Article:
Painting is a skill dating back thousands of years. A painter is needed whenever a home or office space is built or renovated. The trade involves more than just painting. Paper hanging, sealing, staining
Painters work indoors and out, sometimes on tall ladders and scaffolds. Using heavy paint cans and buckets, the work is physically demanding—bending, lifting, kneeling and standing for long periods. If you like working with your hands and have an eye for detail, painting may be the trade for you!
Pre-apprentice painting programs teach skills and techniques employers are looking for in entry-level painters. Skills include:
- Preparing and finishing surfaces like wood and drywall
- Working with different types of paints like water- and oil-based paint
- Working with stains and coatings like varnish and lacquers
- Applying specialty finishes like texturing and wall coverings
- Using airless and conventional spray systems
- Using green building techniques to reduce resources and improve indoor air quality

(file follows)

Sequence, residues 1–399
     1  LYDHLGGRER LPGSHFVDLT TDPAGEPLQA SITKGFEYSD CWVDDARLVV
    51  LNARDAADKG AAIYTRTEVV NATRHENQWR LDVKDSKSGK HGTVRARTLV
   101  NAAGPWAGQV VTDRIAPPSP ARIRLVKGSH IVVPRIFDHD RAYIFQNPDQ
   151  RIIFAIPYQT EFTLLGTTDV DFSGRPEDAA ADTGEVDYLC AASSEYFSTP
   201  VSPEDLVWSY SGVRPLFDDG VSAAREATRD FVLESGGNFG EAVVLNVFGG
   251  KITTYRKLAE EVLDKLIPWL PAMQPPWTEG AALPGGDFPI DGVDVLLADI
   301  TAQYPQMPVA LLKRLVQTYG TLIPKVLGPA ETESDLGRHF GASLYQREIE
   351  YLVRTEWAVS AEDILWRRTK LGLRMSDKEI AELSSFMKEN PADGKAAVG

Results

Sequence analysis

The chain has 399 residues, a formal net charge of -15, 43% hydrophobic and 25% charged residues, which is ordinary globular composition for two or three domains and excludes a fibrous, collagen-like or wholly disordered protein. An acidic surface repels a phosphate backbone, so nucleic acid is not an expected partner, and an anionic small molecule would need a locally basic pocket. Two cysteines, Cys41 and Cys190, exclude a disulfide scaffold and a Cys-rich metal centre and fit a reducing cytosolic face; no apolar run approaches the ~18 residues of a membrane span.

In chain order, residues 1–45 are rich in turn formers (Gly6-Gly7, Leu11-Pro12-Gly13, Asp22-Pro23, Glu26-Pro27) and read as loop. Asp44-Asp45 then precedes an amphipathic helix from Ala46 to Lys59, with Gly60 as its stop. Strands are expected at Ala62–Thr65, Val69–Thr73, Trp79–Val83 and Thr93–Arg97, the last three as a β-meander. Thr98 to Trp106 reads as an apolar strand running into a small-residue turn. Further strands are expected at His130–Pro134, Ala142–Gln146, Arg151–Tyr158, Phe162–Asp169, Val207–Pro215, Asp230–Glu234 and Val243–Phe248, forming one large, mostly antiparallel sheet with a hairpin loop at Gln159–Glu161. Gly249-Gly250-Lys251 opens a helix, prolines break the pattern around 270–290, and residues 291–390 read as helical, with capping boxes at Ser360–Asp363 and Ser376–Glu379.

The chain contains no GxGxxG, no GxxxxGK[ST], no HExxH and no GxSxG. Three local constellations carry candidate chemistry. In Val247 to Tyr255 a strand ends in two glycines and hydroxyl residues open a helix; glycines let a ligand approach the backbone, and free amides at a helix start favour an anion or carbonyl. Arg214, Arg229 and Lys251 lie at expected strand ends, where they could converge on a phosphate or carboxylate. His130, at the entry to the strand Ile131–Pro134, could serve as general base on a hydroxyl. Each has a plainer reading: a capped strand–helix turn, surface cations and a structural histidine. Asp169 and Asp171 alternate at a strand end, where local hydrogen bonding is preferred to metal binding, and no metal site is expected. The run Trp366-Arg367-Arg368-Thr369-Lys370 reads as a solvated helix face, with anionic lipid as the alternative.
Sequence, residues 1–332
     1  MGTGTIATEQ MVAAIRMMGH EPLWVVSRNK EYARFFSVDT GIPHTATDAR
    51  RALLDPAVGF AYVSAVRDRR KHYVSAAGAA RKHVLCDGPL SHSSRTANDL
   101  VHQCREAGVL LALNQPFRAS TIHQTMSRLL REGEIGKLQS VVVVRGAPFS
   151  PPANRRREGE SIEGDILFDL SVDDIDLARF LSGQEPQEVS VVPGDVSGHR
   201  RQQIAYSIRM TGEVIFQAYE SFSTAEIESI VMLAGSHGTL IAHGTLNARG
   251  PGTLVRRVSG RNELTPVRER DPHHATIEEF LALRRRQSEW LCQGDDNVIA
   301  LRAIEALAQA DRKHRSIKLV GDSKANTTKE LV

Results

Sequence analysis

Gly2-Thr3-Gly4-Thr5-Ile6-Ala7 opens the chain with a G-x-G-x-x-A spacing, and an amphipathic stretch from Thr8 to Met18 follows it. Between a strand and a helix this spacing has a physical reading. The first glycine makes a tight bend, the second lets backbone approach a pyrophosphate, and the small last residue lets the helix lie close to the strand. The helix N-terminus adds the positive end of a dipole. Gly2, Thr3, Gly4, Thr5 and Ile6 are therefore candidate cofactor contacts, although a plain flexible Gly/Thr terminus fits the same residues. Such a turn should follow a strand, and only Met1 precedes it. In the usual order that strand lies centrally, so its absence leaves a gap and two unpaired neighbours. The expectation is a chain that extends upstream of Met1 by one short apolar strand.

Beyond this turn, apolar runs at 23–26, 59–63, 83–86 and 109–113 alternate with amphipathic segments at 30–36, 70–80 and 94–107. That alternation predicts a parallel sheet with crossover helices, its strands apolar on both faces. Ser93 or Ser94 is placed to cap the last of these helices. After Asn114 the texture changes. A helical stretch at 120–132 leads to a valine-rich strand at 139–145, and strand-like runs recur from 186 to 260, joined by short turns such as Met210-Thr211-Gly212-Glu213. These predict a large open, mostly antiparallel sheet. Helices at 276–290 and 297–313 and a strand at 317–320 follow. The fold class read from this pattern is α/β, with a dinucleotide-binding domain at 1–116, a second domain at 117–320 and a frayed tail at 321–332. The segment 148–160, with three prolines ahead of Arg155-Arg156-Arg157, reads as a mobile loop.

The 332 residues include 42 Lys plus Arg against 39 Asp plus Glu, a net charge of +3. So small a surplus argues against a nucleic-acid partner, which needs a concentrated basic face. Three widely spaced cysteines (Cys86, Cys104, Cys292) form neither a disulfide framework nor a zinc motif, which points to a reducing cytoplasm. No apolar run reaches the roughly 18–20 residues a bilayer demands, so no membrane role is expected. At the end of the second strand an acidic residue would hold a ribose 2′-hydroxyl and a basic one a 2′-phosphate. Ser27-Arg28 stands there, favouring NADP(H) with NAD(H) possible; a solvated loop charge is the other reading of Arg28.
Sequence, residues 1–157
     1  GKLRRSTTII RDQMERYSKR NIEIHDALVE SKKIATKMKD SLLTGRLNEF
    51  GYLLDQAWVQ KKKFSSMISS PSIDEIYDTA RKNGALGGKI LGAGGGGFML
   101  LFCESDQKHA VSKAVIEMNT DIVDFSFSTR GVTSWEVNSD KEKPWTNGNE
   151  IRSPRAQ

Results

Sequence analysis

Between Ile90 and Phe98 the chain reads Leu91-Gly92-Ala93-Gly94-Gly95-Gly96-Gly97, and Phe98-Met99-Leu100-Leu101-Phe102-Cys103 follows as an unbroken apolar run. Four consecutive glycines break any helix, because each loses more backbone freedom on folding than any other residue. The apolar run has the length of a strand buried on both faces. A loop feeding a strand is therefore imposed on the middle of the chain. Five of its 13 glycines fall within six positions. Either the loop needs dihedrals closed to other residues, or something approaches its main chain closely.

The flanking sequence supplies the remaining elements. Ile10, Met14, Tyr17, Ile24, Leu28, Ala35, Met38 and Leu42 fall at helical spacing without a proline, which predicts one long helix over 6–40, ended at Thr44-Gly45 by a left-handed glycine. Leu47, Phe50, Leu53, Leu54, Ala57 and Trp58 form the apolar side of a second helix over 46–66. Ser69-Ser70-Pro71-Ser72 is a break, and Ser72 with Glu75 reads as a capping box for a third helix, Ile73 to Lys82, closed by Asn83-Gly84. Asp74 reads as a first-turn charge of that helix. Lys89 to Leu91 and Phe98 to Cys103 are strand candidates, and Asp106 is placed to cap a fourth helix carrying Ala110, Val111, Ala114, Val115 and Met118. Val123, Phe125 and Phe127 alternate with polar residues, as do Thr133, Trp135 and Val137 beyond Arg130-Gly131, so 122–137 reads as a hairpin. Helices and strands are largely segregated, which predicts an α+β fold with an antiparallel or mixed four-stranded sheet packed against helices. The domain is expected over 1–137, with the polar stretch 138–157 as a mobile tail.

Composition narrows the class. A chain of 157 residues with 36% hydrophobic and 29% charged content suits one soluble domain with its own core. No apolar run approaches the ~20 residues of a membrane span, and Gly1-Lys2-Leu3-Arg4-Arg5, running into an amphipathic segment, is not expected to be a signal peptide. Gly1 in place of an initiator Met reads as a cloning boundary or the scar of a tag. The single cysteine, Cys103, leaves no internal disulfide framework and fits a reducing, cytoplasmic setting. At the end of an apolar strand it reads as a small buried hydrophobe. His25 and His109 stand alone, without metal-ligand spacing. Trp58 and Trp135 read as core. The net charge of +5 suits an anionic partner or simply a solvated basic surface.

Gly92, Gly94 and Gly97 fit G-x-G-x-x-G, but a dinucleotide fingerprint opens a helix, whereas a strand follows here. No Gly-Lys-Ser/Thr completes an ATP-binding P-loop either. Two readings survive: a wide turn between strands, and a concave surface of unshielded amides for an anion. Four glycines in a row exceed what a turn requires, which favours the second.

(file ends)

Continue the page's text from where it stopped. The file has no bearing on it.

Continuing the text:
Job growth is expected at an average rate through 2020. The relatively short life of exterior paints on homes and changing color trends will continue to support demand for painters. Facility management companies, general contractors and remodelers are examples of businesses that might hire an entry-level painter. The skills an HBI student learns can transfer to other specialties like drywall and ceiling installer, taper and maintenance and repair worker.
327 Careers graduates earn about $10 to $12 an hour in their first painting jobs. As skills are expanded through our full apprenticeships or on the job training, so are career options. Pay increases significantly also after becoming fully certified.
- General Contractor
- Painter’s Helper